Filesystem Hierarchy Standard (FHS) compliancy?
qralston+ml.inn-workers at andrew.cmu.edu
Wed Mar 21 09:02:49 UTC 2001
On Wed, 21 Mar 2001, Marco d'Itri wrote:
> On Mar 20, James Ralston <qralston+ml.inn-workers at andrew.cmu.edu>
> > An example of situation #1 is PATHBIN and PATHAUTH. Currently,
> > PATHAUTH is automatically defined as "$(PATHBIN)/auth". Under the
> > FHS, PATHAUTH should most appropriately be /usr/lib/inn/auth, but
> > the
> I don't think there is any real difference between
> /usr/lib/news/auth and the current /usr/lib/news/bin/auth .
Probably not. But if PATHBIN has /usr/lib as a prefix, then it cannot
contain binaries that are meant to be executed directly, and the main
point of PATHBIN seems to be to contain such binaries.
To me, it seems a lot more intuitive to map PATHBIN to a real "binary"
directory (such as /usr/sbin) and relocate PATHAUTH and other
subdirectories, than to place PATHBIN in the wrong place (according to
the FHS) just to avoid splitting off the subdirectories.
> > An example of situation #2 is LIBDIR, which winds up containing
> > static/shared libraries (libinn and libstorage), as well as
> > innreport_inn.pm, innshellvars*, and docheckgroups. All
> > non-libraries should be in some other directory (or directories).
> I don't agree. static libraries should be moved by the distribution
> package-building script to /usr/lib
I strongly disagree. It shouldn't be the responsibility of the person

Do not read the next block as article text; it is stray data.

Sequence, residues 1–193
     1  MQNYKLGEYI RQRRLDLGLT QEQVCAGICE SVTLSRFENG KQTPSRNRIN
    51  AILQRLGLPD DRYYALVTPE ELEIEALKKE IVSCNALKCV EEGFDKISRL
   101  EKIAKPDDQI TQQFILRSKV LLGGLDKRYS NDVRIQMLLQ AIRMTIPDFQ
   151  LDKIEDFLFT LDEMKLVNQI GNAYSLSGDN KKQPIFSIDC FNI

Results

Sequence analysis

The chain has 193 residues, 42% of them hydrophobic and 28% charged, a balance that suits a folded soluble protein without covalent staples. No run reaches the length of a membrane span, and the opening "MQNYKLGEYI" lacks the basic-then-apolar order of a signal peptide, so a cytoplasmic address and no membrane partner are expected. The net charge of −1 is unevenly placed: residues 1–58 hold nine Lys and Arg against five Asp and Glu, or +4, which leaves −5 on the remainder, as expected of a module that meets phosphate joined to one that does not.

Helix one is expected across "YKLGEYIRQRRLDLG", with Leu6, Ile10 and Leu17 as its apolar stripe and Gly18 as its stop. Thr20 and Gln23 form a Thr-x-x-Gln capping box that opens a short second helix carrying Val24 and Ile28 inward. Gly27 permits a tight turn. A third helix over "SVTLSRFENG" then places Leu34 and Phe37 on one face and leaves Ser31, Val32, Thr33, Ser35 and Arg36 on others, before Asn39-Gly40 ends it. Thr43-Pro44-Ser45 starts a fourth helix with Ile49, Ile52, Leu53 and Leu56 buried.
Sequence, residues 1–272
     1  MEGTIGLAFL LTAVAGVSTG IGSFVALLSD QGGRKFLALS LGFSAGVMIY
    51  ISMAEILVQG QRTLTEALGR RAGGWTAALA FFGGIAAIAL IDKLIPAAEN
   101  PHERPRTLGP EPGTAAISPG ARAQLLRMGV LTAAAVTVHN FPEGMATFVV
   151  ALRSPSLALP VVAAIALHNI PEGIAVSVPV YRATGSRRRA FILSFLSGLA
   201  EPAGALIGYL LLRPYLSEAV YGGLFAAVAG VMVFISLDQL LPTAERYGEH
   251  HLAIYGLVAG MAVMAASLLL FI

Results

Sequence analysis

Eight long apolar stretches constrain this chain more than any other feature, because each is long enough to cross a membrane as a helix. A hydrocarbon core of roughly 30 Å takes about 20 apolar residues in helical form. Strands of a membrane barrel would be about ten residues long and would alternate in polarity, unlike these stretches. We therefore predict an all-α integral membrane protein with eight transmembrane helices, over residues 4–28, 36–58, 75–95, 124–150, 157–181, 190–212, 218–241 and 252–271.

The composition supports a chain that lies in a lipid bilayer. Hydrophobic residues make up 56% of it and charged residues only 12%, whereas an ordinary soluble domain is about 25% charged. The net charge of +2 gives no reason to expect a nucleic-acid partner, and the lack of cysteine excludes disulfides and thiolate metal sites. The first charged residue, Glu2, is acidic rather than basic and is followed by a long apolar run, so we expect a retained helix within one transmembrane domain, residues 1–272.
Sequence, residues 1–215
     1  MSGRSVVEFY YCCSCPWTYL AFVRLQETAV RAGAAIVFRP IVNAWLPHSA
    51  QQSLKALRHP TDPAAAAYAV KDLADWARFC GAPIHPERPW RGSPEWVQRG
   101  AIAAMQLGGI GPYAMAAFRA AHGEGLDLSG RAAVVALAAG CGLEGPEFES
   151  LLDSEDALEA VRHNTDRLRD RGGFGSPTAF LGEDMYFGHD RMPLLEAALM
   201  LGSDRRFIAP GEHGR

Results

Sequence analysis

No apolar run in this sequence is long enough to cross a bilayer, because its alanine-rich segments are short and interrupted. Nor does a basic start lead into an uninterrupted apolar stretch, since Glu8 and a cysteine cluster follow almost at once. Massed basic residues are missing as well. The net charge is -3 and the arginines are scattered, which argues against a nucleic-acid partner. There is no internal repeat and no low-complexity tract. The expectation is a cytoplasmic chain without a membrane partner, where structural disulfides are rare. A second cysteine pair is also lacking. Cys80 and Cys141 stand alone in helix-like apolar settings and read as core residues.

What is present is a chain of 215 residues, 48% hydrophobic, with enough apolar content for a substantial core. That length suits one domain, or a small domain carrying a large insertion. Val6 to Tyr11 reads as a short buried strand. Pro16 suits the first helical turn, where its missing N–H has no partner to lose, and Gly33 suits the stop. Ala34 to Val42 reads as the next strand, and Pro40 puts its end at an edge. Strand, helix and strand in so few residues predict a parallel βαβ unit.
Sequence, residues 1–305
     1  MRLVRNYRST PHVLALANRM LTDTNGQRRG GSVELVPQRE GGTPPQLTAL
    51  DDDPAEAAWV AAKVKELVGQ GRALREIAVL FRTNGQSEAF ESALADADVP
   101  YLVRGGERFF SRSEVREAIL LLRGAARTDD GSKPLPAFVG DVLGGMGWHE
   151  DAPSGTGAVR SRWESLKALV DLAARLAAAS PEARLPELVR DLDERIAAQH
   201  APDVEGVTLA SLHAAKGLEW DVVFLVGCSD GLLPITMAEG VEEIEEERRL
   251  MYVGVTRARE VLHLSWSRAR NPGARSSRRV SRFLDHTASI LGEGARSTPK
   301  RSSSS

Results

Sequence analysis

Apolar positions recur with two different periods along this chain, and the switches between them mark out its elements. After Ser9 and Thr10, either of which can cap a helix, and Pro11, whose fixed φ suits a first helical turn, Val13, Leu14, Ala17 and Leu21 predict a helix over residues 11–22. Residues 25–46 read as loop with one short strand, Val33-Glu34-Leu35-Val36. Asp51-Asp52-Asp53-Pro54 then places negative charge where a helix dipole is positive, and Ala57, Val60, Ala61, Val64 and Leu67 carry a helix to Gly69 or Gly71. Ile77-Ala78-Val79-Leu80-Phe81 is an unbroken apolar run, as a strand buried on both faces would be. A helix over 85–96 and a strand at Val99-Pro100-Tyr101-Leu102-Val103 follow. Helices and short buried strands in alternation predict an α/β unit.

building the package to move things around after the "make install"
step. If this is necessary, it means that the package lacks the
ability to be adequately and reasonably customized.
> and the other files should go to /usr/lib/news. But keeping
> everything in the same directory is an acceptable solution too.
Not according to the FHS. Shared and static libraries go into
/usr/lib; a file which is not a shared or static library should not go
into /usr/lib. As it currently stands, it is impossible to define
LIBDIR so that both of these stipulations are met.
More generally speaking, keep in mind that these are only two
examples. There will be more situations like this. If your answer to
my question of "Do we care if more configurable directories are
created?" is "yes", then please just say so, rather than trying to
invalidate my assertion that more configurable directories are needed
by invalidating each example I provide.
James Ralston, Information Technology
Software Engineering Institute
Carnegie Mellon University, Pittsburgh, PA, USA
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